How to fix this problem? Unlike many DoD reforms, this one is easy. Congress needs to allow DoD and other federal agencies to spend a portion of the O&M and MILPERS funds in the year after they were appropriated. Congress already allows DoD to do this for funding in procurement, research and development, and military construction accounts. Carryover of just 10 percent would help a lot. No added funds would be made available to DoD. But this small change would enable fund managers to decide whether to buy that new office equipment or save the money to spend on critical training in the next year when time is available to carry out additional exercises. The 2010 Harvard/Stanford study noted that in the Department of Justice, which has some carry-over authority, final-week spending spikes were much lower.

Opponents to this carryover plan exist, especially among defense appropriators in Congress who are wary of ceding their oversight authority over the budget. A former staff director for the Senate Appropriations Committee argued that the use-it-or-lose-it law helps ensure transparency and accountability. But carryover funds would be subject to the same laws and regulations —      as well as the same accounting procedures — that guarantee transparency and accountability for funds spent during the year of appropriation. The only difference: carryover funds would be spent on more important items.

While serving as DoD comptroller, I asked the defense appropriations subcommittees to permit some carryover. The House subcommittee agreed to a tiny carryover, but the Senate did not go along. More recently, Mac Thornberry (R-TX), the ranking minority member on the House Armed Services Committee, supported 50 percent carryover. Thornberry is retiring after this session of Congress, but Adam Smith (D-WA) — who will remain as chairman of the Committee — expressed tentative support for carryover. The appropriators, however, are yet to be persuaded.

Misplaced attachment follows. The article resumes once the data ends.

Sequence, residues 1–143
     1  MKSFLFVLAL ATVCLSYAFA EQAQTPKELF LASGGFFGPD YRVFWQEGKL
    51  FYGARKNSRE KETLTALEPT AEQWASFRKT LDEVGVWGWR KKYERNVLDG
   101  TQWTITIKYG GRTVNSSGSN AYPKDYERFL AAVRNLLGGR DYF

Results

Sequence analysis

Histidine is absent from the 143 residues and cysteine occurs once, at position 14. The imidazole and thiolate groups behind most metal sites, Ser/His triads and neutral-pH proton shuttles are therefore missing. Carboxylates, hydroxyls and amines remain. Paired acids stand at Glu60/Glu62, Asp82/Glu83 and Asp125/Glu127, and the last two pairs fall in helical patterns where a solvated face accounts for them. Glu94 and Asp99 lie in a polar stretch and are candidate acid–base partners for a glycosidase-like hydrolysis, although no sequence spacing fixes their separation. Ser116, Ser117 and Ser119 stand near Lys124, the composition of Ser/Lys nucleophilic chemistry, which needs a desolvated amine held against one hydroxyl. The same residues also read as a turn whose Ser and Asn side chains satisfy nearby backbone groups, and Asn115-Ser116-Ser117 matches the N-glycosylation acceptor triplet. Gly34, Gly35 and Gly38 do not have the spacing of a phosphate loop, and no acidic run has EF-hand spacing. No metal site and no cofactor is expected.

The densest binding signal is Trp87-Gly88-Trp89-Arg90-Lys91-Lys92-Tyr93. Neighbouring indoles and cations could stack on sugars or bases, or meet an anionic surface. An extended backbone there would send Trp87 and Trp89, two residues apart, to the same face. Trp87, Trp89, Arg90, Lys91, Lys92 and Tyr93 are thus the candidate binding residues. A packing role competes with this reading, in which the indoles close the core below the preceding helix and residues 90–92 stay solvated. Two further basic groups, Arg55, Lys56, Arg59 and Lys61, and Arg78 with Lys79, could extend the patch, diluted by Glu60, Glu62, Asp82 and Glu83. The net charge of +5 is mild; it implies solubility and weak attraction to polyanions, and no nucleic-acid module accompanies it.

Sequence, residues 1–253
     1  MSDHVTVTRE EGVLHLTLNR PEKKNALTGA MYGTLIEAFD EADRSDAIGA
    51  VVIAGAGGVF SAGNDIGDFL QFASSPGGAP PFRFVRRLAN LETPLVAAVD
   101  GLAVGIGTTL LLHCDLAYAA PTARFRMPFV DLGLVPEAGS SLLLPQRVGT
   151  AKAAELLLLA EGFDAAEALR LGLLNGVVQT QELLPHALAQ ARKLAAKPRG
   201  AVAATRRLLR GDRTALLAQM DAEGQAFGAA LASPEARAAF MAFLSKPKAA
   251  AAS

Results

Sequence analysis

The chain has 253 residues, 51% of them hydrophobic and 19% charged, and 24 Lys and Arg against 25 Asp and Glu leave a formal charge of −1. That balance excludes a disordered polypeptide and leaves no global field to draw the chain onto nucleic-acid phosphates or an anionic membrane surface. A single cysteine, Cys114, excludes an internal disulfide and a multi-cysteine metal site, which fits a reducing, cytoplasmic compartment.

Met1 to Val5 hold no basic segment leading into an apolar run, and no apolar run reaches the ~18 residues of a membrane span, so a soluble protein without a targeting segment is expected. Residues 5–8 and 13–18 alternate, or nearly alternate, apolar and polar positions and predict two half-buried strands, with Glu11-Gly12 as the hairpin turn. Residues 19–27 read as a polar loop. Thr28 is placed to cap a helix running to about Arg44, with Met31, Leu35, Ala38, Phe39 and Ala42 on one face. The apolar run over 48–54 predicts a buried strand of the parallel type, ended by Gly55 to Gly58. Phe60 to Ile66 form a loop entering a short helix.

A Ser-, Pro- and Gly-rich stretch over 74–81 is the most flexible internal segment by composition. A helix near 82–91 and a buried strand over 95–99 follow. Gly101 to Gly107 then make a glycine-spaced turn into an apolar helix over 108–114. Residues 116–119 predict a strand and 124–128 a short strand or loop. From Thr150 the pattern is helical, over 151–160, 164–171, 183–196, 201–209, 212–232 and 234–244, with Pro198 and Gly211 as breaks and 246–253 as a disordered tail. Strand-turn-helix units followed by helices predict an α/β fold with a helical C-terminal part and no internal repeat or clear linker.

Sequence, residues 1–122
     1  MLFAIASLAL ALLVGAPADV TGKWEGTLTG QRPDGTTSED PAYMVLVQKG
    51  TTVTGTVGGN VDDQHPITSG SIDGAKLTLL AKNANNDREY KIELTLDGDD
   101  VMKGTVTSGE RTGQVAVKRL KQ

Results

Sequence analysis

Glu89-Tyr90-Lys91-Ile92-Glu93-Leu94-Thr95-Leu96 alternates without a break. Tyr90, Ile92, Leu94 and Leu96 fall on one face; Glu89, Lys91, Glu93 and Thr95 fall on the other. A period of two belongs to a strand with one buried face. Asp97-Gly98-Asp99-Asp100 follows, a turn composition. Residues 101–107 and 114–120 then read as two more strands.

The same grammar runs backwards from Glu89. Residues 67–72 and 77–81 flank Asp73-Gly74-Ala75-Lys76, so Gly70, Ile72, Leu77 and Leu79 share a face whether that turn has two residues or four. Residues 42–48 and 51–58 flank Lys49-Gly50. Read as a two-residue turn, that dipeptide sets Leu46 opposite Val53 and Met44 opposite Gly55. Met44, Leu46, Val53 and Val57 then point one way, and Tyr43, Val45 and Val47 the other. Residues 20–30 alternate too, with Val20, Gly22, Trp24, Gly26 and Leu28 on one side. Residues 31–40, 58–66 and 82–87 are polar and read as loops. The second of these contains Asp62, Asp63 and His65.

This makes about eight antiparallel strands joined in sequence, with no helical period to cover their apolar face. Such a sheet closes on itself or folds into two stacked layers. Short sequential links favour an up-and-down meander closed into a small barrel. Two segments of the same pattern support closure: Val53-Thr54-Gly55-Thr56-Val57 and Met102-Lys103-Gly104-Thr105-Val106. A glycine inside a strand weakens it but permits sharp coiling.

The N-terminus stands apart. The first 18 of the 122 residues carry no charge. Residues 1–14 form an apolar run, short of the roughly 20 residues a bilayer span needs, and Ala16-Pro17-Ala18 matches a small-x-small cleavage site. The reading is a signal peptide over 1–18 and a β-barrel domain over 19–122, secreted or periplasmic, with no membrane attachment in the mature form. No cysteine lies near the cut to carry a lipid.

Carryover is a wonky issue, but it would significantly improve the effectiveness of defense spending. The new administration should formally request carryover authority as part of any defense reform package and deploy senior leaders to help persuade Congress to change the law. There is bipartisan support to resolve this bad idea in national security and make DoD spending more efficient.

CSIS does not take specific policy positions; accordingly, all views expressed above should be understood to be solely those of the author. They similarly do not necessarily reflect the official policy or position of the Department of Defense or the U.S. Government.

Photo Credit: DoD photo by Erin A. Kirk-Cuomo/Released